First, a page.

The Science of Digging – How to Reduce Injury Risk

Here’s an item that allotmenteers might be interested in. Researchers at the University of Coventry, in partnership with the RHS, have published the results of a study into the damaging effects of bad digging practice, along with a few suggestions as to how to improve your posture and technique to help reduce the risk of back and shoulder damage.

Using the University’s 3-D motion capture technology lab, the team assessed the impact of various digging methods in terms of musculoskeletal damage risk. In the researchers’ words: “A novel method of determining joint angles, joint torques, and contact forces, using three-dimensional motion capture and musculoskeletal modeling, was applied to the movements of a sample of workers, engaged in the horticultural task of digging, to determine if objective biomechanical data could be correlated with a subjective visual assessment to predict risk of injury.”

The general conclusion – which was also mentioned in a short article on BBC Breakfast on Monday – is that good posture and practice involves standing as close to the spade as you can, bending with your knees rather than your back, and using smooth, regular actions (top row, below). Bad technique involves stretching and reaching with the spade, bending the back and using jerky, irregular actions (bottom row).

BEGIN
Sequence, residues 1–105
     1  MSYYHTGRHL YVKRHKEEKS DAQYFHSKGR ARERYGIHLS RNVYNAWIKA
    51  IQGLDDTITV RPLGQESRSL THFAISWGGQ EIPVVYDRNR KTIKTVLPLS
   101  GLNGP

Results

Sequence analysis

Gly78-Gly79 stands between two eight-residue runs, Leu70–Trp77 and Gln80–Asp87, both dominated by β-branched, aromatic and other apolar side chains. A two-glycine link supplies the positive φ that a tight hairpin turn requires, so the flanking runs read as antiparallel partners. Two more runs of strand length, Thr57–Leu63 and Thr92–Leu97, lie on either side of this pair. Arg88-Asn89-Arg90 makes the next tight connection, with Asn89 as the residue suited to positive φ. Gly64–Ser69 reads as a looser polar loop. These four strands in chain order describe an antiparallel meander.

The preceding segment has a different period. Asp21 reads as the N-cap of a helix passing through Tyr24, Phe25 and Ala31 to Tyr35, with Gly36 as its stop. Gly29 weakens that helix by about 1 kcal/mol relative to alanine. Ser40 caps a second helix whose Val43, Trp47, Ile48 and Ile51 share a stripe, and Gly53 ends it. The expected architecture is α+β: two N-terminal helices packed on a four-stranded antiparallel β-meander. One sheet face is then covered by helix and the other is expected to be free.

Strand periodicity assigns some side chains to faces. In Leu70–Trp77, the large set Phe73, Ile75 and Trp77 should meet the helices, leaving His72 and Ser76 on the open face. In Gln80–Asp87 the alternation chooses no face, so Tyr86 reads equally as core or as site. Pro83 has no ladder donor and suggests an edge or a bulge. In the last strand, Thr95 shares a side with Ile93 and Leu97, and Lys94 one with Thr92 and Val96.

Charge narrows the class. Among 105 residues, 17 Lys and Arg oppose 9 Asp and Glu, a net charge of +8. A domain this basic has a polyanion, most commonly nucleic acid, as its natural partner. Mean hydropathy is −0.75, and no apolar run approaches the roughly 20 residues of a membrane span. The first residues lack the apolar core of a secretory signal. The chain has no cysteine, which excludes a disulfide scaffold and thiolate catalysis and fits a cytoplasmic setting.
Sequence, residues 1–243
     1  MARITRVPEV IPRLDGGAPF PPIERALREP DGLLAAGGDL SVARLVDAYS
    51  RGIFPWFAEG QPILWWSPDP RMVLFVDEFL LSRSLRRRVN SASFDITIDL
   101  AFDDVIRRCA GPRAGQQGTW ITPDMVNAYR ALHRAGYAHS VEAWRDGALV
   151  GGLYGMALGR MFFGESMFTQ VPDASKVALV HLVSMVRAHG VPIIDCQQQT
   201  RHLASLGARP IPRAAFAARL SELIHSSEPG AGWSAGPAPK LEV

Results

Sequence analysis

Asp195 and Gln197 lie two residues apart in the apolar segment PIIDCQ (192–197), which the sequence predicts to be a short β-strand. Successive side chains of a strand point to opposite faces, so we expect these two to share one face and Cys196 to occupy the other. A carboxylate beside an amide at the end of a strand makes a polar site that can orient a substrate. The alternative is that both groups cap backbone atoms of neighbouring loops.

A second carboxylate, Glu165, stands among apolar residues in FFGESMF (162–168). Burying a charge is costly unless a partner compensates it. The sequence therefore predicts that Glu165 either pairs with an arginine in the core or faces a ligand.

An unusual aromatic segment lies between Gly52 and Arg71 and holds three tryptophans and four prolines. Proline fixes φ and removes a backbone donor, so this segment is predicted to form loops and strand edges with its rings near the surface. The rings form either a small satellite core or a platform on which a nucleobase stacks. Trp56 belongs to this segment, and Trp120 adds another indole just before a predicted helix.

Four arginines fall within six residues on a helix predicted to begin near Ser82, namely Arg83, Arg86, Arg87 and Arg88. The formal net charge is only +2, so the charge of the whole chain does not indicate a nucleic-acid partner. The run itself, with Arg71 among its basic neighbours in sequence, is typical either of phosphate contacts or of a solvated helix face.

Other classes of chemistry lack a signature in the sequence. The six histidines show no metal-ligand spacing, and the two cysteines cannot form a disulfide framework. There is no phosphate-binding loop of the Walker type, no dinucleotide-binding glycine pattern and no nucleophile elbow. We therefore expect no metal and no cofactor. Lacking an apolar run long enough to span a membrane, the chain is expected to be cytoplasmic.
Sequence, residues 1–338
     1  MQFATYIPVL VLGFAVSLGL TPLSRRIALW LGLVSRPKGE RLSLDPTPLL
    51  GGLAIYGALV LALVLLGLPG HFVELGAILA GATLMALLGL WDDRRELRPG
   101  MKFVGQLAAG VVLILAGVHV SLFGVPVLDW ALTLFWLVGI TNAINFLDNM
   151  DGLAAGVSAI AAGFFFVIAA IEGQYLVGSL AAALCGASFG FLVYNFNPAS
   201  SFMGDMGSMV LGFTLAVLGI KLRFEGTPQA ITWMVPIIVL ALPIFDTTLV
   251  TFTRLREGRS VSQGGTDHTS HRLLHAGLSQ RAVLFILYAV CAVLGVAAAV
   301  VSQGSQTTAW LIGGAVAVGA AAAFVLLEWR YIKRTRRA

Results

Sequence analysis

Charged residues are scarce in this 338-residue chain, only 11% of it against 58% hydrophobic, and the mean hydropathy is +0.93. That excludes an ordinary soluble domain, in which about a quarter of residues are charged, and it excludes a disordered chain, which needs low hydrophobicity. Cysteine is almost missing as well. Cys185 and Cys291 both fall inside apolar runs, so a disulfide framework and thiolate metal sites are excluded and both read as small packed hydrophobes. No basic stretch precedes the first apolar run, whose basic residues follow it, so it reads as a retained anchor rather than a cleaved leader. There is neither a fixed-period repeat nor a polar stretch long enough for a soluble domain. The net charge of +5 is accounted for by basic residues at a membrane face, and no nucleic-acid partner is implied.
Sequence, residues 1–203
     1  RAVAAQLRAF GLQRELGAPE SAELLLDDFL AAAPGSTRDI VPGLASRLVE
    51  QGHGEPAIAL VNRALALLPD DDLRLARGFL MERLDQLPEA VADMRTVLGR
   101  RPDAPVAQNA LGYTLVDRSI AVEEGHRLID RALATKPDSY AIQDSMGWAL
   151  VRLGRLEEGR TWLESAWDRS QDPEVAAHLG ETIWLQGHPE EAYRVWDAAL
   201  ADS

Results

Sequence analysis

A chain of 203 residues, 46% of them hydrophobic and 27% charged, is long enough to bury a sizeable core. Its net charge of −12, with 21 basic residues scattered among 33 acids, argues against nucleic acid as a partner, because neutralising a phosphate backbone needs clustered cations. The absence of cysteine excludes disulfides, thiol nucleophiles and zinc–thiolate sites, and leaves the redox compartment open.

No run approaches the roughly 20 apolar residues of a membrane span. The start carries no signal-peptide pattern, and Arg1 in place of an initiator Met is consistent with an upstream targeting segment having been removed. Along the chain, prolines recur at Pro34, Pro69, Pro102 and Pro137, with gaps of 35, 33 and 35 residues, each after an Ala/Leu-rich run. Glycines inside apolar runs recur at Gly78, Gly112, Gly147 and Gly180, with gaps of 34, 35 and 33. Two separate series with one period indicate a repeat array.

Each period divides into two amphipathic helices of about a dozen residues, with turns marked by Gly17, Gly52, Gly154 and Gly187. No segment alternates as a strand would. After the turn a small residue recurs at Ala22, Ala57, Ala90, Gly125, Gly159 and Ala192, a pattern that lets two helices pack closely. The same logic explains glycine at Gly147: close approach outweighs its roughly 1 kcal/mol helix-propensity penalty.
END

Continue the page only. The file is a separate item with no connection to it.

University of Coventry digging posture diagram
Image via HortTechnology online.

The full study has been published in the journal HortTechnology. One thing I noticed was that the 15 subjects that participated in the study were asked to use the same spade throughout. Which makes sense from the point of view of comparing two digging methods, of course, but it would have been interesting to see if there was any difference between the standard ‘digging spade’ used and a long-handled spade or shovel, which I’m a big fan of. The latter allows for a more upright posture, provides more leverage during the digging action, and seems to encourage more leg and shoulder work, rather than back-twisting, which the study highlights as a particular danger. But that’s just my experience, and a motion-capture study might prove me wrong.

Of course, if you really want to minimise the risk of musculoskeletal damage, you could adopt Charles Dowding‘s no-dig methods and save yourself a lot of back-ache that way.

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